Apart from different selection criteria, internal colour variations in the galaxies might impact the derived results. For bright, low-redshift galaxies (z ≲ 0.45), the adopted aperture in the photometry might restrict our colour measurements to the central (redder) parts of the galaxies. Internal colour gradients could change the evolution of the RS intercept at the 10% level, resulting in bluer average colours for low redshift galaxies (e.g., Peletier et al. 1990). As throughout our analysis the same aperture size is adopted in all photometric bands, possible internal colour gradients are neglected, which might give slightly steeper colour relations for brighter galaxies. In particular, the effect of internal colour gradients might cause our lowest redshift bin to display a slightly redder evolution of the RS intercept compared to the redshift evolution found for the higher redshift data.

5.3. Scatter across the CMR

Over the past years observations have found evidence for a rapid increase of the total stellar mass of passive red-sequence galaxies since z ~ 1 (e.g., Bell et al. 2004b; Brown et al. 2007; Bundy et al. 2005; Faber et al. 2007; Scarlata et al. 2007). This evolutionary process reveals itself in terms of an increase in the number density of quiescent sub-L galaxies (e.g., Borch et al. 2006; Faber et al. 2007). One possible scenario is that the red-sequence population is continuously supplied with a population of massive blue galaxies that have their star-formation activity truncated or quenched over a short time scale (Bell et al. 2004b, 2007; Faber et al. 2007). Such processes would manifest themselves primarily in a larger scatter in the CMR because the continuous agglomeration of blue galaxies onto the RS will cause a broadening of the RS.

thumbnail Fig. 12

Intrinsic (filled symbols) and observed scatter (open symbols) in the rest-frame (U − V) colours of passive galaxies. The scatter due to measurement uncertainties is subtracted from the observed scatter in quadrature. Literature data are shown in grey. Associated data for field galaxy studies (triangles or crosses) are joined with lines, studies based on galaxy clusters are shown as stars.

Open with DEXTER

Figure 12 illustrates the evolution of the scatter of the RS galaxies as a function of redshift. We compute the intrinsic scatter (filled symbols) by subtracting the scatter due to measurement uncertainties from the observed scatter (open symbols) in quadrature. The results are shown for the classical approach (blue circles) and the SED type selection (green squares). Several interesting trends can be seen. The scatter derived from the classical method is constant up to z = 1, whereas the scatter measured on the basis of the SED type classification is increasing with redshift. Our highest-redshift measurement at z = 1.07 is partly affected by incompleteness effects and the real scatter is most likely larger by Δ(U − V) = 0.05 mag. The VIPERS sample is in good agreement with previous field galaxy surveys in the E-CDFS (Ruhland et al. 2009) and the NMBS (Whitaker et al. 2010) that use a similar computation for the scatter of the RS, whereas field galaxies from the PISCES project (Tanaka et al. 2005) display somewhat a larger scatter. Interestingly, all field galaxy surveys predict a larger scatter of the RS than the one obtained for cluster galaxies, both in the local galaxy cluster represented by the Coma cluster (open triangle, BLE92) and at higher redshift for several high-redshift galaxy clusters (star symbols). The cluster measurements comprise data for 13 clusters in the literature over the redshift range 0.18 < z ≲ 1.46 (Ellis et al. 1997; Blakeslee et al. 2003; Blanton 2006; Mei et al. 2006a,b; van Dokkum et al. 2008; Hilton et al. 2009). Despite possible differences in the colour measurements between cluster and field studies (the former usually adopt fixed apertures and restrict the RS to a few of the most luminous cluster members), the scatter in the rest-frame (U − V) colour for quiescent galaxies in the field increases with redshift and is a factor of more than two larger than in clusters at the same redshift. This points towards a dependence of the scatter and its evolution on the environment. A possibility is that field galaxies consist of younger stellar populations compared to their cluster counterparts (Bernardi et al. 1998; Fritz et al. 2009a). Alternatively, the larger scatter in the field environment could be the result of a mixed population of old and young quiescent galaxies, whereas in clusters the RS is only populated by older red galaxies that formed their bulk of stars at higher redshift.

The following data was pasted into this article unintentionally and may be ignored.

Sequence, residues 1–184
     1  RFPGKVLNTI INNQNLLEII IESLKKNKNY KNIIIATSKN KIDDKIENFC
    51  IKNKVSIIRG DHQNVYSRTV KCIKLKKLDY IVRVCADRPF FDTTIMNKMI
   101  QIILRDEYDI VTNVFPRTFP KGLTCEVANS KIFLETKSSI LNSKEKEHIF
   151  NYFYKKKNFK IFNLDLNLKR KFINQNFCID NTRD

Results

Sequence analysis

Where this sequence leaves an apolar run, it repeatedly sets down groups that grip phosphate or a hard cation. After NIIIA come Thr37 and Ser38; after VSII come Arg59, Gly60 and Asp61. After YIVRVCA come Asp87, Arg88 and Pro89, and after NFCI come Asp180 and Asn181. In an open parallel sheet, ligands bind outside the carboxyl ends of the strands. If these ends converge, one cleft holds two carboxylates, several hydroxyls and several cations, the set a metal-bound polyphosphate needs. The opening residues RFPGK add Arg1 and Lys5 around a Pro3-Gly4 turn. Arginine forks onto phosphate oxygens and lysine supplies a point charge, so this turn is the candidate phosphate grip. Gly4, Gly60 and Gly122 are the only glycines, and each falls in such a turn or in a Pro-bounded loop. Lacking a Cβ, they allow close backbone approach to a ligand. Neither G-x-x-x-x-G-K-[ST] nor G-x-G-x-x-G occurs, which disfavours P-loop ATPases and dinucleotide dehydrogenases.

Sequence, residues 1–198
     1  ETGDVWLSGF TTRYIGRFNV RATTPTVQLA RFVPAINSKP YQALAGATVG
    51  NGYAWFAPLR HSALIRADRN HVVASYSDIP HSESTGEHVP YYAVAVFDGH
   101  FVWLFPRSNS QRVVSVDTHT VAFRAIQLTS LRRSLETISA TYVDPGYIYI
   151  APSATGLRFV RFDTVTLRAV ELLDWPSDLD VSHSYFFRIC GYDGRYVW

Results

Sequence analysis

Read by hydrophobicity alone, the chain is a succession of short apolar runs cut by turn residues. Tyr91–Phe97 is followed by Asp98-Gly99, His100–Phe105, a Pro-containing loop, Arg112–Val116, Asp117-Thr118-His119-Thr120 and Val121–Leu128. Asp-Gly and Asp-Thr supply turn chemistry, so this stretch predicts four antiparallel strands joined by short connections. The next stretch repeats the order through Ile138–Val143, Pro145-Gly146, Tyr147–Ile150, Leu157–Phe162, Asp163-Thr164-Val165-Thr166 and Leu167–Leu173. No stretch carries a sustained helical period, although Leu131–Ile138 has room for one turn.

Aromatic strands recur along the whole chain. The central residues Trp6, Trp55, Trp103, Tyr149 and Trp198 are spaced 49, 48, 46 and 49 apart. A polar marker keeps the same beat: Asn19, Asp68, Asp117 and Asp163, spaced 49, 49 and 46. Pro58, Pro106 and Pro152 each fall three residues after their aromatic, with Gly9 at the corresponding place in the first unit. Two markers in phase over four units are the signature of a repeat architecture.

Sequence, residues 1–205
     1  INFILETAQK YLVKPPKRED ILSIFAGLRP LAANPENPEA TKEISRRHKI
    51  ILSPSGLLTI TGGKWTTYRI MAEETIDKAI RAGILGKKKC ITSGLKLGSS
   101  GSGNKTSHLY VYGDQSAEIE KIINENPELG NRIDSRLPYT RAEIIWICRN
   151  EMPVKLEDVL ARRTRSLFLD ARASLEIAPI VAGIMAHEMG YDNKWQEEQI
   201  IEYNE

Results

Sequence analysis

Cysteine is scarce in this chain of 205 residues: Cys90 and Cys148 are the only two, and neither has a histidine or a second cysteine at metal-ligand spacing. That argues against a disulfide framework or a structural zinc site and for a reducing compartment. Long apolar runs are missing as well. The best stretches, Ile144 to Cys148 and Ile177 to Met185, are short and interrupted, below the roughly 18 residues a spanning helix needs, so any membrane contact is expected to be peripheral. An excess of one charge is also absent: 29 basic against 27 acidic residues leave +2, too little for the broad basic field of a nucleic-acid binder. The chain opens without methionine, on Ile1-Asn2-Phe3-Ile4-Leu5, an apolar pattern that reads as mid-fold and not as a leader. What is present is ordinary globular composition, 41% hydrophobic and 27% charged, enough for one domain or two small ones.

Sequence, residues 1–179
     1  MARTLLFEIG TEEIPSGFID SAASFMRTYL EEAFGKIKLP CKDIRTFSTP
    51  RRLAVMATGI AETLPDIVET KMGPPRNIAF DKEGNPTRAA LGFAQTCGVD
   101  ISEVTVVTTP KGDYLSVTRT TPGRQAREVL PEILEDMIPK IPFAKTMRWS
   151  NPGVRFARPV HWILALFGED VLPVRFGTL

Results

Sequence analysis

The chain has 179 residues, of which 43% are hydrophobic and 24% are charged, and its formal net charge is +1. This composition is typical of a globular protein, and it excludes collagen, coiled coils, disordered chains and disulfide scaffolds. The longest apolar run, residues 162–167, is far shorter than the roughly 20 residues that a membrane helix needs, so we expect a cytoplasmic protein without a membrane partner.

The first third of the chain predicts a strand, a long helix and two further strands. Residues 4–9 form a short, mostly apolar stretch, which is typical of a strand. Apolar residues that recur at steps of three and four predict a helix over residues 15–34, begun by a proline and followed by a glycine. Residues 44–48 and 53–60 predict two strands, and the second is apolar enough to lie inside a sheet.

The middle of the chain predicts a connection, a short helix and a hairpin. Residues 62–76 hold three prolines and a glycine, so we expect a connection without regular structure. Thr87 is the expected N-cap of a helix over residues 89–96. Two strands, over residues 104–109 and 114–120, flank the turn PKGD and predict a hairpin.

6. The luminosity function in VIPERS

The luminosity function (LF) of field galaxies represents a fundamental diagnostic to probe the star formation history of (blue) galaxies and the gravitational mass assembly history of (red) passive galaxies. In particular, since it has been speculated that the mass assembly of red early-type galaxies could take place on different time-scales than the much earlier formation of their stellar populations (Baugh et al. 1996; van Dokkum & Franx 2001), the observed stellar mass-to-light ratios and the evolution of the CMR of passive galaxies could be non-reliable tracers of the mass assembly process, while the LF of RS galaxies would provide a much more sensitive diagnostic.